82-year-old app-maker proves it’s never too old to code

China Daily (Hong Kong) - - WORLD -

FUJISAWA, Ja­pan — When 82-year-old Masako Wakamiya first be­gan work­ing she still used an aba­cus for maths — to­day she is one of the world’s old­est iPhone app de­vel­op­ers, a trail­blazer in mak­ing smart­phones ac­ces­si­ble for the el­derly.

Frus­trated by the lack of in­ter­est from the tech in­dus­try in en­gag­ing older peo­ple, she taught her­self to code and set about do­ing it her­self.

The over-60s, she in­sists, need to ac­tively search out new skills to stay nim­ble.

“As you age, you lose many things: your hus­band, your job, your hair, your eyesight. The mi­nuses are quite nu­mer­ous. But when you learn some­thing new, whether it be pro­gram- ming or the pi­ano, it is a plus, it’s mo­ti­vat­ing,” she said.

“Once you’ve achieved your pro­fes­sional life, you should re­turn to school. In the era of the in­ter­net, if you stop learn­ing, it has con­se­quences for your daily life,” Wakamiya ex­plains dur­ing an in­ter­view at her home near Tokyo.

She be­came in­ter­ested in com­put­ers in the 1990s when she re­tired from her job as a bank clerk. It took her months to set up her first sys­tem, be­gin­ning with BBS mes­sag­ing, a pre­cur­sor to the in­ter­net, be­fore build­ing her skills on a Mi­crosoft PC, and then Ap­ple’s Macs and iPhones.

She asked soft­ware de­vel­op­ers to come up with more for the el­derly, but a re­peated lack of re­sponse led her to take mat­ters into her own hands.

Wakamiya learned the basics of cod­ing and de­vel­oped “Hi­nadan”, one of Ja­pan’s first ded­i­cated app games for the over-60s, she is now in such de­mand that this year Ap­ple in­vited her to par­tic­i­pate at their pres­ti­gious World­wide De­vel­op­ers Con­fer­ence, where she was the old­est app cre­ator to take part.

‘Source of in­spi­ra­tion’

“Hi­nadan” — “the doll stair­case” — was in­spired by the Hina Mat­suri, a doll fes­ti­val which takes place every March, where or­na­men­tal dolls rep­re­sent­ing the em­peror, his fam­ily and their guests are dis­played in a spe­cific ar­range­ment.

In Wakamiya’s app, users have to put them in the cor­rect po­si­tions — a task which is harder than it sounds, re­quir­ing mem­o­riza­tion of the com­plex ar­range­ments.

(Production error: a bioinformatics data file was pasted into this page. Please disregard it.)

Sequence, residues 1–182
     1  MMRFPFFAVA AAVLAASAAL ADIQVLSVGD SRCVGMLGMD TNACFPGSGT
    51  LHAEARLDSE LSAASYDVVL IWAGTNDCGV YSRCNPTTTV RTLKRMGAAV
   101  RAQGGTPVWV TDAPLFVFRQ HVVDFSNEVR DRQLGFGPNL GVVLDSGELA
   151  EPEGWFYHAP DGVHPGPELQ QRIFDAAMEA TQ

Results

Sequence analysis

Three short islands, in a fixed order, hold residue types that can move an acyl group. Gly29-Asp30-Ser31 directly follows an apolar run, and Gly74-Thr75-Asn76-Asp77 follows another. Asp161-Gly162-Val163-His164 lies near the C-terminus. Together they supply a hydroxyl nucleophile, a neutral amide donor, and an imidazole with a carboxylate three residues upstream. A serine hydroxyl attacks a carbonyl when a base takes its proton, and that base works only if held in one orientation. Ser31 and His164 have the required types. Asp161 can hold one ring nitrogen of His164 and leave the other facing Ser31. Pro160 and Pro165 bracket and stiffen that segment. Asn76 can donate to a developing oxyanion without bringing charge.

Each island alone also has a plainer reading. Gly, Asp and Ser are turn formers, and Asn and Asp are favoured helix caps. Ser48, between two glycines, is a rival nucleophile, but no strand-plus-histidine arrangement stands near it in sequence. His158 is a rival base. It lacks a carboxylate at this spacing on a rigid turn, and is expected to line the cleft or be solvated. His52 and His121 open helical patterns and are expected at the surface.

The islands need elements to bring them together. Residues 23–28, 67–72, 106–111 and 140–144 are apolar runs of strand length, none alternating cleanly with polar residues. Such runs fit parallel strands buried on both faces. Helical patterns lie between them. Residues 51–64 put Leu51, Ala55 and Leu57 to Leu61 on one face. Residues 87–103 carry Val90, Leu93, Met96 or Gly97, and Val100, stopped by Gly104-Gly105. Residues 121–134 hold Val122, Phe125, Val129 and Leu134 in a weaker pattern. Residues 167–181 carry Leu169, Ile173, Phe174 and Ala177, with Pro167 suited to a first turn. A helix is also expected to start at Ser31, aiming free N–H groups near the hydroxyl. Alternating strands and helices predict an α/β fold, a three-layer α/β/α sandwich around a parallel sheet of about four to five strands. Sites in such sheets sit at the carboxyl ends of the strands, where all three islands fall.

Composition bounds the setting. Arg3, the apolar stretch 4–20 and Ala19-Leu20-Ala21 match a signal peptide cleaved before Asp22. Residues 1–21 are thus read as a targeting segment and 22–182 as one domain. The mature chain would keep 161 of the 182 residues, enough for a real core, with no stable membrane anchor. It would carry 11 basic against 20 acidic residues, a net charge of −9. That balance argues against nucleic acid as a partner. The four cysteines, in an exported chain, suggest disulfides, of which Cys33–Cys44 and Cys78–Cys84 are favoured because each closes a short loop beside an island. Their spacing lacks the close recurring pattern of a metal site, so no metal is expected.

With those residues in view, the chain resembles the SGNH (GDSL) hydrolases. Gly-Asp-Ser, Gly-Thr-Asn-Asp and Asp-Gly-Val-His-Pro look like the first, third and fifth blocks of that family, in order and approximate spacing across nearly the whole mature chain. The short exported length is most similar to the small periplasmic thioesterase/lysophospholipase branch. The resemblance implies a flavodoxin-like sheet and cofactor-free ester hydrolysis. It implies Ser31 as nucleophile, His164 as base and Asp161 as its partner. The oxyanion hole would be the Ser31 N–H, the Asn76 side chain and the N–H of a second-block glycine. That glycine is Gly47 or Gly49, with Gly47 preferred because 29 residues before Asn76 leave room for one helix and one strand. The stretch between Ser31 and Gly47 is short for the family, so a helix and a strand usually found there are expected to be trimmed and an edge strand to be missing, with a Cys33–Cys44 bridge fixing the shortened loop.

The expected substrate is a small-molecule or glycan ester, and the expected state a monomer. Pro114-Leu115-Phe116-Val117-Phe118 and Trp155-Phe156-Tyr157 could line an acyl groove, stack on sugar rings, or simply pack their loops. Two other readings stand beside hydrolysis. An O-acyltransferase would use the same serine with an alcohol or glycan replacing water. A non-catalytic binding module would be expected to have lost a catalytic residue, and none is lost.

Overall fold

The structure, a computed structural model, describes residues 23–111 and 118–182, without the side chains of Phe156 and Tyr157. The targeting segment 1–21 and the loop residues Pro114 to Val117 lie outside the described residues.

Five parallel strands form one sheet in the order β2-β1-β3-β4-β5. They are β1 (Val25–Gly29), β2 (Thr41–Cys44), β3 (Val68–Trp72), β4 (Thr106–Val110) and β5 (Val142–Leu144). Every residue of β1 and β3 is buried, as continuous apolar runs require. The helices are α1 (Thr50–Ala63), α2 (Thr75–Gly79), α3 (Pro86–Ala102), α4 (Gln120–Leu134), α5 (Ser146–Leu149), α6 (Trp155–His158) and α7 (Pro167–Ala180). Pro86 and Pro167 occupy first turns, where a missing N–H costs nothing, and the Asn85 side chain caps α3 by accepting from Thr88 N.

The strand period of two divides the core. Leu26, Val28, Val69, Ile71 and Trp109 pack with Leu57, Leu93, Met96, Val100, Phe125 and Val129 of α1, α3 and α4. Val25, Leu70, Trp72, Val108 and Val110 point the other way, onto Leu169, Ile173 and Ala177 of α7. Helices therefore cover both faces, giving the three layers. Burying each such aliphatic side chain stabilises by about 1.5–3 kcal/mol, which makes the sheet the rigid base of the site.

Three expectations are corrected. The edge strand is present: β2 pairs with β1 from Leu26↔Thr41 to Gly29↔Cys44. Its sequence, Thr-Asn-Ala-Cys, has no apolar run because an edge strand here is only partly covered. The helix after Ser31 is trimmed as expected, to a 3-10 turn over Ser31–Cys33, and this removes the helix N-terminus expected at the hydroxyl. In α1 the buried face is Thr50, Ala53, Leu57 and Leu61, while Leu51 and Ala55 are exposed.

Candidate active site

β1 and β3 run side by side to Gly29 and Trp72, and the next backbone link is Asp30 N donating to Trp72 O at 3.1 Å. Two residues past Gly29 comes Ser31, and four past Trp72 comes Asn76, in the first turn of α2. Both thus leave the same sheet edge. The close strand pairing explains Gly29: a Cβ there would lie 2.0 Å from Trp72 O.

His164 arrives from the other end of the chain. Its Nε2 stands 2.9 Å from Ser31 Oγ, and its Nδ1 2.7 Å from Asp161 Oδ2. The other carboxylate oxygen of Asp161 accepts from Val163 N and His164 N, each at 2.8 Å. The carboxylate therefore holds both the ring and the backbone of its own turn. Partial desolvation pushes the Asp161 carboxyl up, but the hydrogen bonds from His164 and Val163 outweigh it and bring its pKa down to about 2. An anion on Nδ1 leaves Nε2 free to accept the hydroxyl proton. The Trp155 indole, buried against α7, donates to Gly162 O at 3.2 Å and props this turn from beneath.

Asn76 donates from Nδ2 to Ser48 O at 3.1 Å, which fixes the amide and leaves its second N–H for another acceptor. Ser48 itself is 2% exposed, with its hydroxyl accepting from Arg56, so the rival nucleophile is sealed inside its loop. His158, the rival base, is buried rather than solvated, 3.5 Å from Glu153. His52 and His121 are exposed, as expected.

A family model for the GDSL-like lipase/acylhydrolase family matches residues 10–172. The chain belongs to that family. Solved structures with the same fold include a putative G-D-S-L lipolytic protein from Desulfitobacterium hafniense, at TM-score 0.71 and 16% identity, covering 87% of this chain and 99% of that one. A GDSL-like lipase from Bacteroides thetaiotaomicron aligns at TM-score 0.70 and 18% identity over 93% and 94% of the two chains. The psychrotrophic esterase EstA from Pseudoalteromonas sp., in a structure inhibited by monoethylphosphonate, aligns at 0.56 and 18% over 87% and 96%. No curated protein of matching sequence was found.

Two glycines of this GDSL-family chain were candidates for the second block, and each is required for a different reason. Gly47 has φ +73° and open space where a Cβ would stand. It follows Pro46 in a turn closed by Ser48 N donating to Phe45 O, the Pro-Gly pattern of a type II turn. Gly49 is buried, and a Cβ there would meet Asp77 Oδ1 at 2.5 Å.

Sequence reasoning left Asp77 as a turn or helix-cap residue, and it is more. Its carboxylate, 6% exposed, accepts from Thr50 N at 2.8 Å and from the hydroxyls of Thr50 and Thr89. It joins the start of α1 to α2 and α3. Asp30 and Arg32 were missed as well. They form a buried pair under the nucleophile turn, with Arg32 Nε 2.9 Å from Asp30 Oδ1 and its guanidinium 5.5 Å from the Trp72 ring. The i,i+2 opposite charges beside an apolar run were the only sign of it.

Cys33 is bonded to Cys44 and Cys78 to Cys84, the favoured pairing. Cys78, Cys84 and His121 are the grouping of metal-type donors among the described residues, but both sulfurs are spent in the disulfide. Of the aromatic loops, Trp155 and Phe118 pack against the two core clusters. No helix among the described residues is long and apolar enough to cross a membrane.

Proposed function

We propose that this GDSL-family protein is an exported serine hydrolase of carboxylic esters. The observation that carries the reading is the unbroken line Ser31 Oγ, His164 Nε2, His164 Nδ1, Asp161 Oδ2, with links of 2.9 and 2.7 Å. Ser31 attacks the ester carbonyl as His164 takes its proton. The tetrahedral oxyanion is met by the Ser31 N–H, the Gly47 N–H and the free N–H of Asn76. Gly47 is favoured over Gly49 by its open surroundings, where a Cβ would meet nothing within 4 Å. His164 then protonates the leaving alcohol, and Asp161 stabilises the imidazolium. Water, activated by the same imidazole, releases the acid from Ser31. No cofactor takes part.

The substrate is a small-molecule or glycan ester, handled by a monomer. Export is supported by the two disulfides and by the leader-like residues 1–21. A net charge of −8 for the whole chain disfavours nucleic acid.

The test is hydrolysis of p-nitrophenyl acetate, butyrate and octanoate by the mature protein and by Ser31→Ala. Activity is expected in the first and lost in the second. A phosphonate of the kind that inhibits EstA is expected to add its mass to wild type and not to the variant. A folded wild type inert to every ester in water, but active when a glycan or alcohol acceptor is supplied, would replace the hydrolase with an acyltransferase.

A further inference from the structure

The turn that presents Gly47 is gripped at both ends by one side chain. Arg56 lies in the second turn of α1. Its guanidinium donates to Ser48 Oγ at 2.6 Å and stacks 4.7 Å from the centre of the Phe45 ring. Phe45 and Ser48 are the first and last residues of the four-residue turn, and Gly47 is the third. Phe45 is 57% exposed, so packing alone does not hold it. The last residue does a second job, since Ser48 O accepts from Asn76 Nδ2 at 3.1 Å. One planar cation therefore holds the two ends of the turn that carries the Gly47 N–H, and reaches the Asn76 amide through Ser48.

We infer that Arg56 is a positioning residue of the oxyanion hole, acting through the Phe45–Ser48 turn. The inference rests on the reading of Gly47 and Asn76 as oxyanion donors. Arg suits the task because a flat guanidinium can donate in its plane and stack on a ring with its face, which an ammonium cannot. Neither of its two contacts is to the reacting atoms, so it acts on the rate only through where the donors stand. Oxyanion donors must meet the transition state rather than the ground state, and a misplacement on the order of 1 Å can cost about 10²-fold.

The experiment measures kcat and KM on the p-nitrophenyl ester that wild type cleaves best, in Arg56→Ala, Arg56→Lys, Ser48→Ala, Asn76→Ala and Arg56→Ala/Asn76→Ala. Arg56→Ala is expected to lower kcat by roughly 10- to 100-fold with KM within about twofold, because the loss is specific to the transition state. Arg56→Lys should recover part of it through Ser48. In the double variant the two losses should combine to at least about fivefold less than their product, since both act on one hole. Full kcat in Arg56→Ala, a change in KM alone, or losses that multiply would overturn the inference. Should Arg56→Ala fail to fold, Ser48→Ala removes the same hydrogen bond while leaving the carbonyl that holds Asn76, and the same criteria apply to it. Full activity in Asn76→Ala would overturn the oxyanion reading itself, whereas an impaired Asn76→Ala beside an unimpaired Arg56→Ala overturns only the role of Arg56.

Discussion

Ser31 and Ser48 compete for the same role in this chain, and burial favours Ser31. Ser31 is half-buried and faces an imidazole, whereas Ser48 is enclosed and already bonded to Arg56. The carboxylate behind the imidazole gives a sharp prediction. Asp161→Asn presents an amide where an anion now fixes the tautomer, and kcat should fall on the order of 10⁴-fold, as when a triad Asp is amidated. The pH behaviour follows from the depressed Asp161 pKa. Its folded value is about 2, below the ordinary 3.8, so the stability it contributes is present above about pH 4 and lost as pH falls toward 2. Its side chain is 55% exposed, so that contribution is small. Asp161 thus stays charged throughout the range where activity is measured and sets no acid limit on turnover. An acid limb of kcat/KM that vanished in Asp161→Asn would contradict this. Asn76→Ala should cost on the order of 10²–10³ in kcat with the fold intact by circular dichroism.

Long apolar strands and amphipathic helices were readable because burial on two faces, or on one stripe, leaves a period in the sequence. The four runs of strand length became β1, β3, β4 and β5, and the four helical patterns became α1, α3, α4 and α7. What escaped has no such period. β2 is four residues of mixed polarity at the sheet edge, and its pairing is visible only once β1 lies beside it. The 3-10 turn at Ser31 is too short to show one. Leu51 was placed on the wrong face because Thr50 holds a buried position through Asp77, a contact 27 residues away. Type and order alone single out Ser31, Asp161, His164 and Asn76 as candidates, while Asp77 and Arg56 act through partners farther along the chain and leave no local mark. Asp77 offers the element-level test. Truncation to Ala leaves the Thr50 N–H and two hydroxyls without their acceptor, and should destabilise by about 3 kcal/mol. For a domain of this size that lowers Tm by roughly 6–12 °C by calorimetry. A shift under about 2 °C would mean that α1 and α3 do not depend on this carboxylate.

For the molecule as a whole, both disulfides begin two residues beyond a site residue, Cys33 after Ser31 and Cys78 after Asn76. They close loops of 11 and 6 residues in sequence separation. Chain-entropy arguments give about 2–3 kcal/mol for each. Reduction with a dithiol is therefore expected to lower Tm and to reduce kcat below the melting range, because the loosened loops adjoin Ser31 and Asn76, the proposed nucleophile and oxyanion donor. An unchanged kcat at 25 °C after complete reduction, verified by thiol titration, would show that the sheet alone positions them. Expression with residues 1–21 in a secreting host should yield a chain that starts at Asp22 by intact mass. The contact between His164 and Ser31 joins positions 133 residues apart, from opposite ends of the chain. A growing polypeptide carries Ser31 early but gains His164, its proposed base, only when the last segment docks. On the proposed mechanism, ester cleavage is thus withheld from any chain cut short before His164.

The app, which is cur­rently only avail­able in Ja­panese, has been down­loaded 42,000 times with hun­dreds of pos­i­tive com­ments from users.

And while these fig­ures are rel­a­tively small com­pared to Ja­pan’s big-hit­ting apps which are down­loaded in their mil­lions, “Hi­nadan” has proved pop­u­lar enough that Wakamiya plans to re­lease English, Chi­nese and pos­si­bly French ver­sions of the app be­fore next year’s fes­ti­val.

Its suc­cess has pro­pelled her on to the tech world stage, de­spite the in­dus­try’s rep­u­ta­tion for be­ing no­to­ri­ously ageist

In Sil­i­con Val­ley, work­ers in their 40s are con­sid­ered old by some com­pa­nies and ac­cord­ing to me­dia re­ports cit­ing re­search firm Payscale, the me­dian age for an em­ployee at Face­book is 29 and at Ap­ple is 31.

But in­ter­na­tional tech firms and start-ups are slowly wak­ing up to the eco­nomic po­ten­tial of pro­vid­ing for sil­ver surfers, and Wakamiya has al­ready met with Ap­ple’s chief ex­ec­u­tive Tim Cook.

Wakamiya re­called: “He asked me what I had done to make sure that older peo­ple could use the app. I ex­plained that I’d thought about this in my pro­gram­ming — rec­og­niz­ing that older peo­ple lose their hear­ing and eyesight, and their fin­gers might not work so well.”

“Mr Cook com­pli­mented me,” she said proudly, ad­ding that he had hailed her as a “source of in­spi­ra­tion”.

KAZUHIRO NOGI / AFP

Pro­gram­mer Masako Wakamiya, 82, uses her lap­top at her home in Fujisawa, Kana­gawa pre­fec­ture, Ja­pan.

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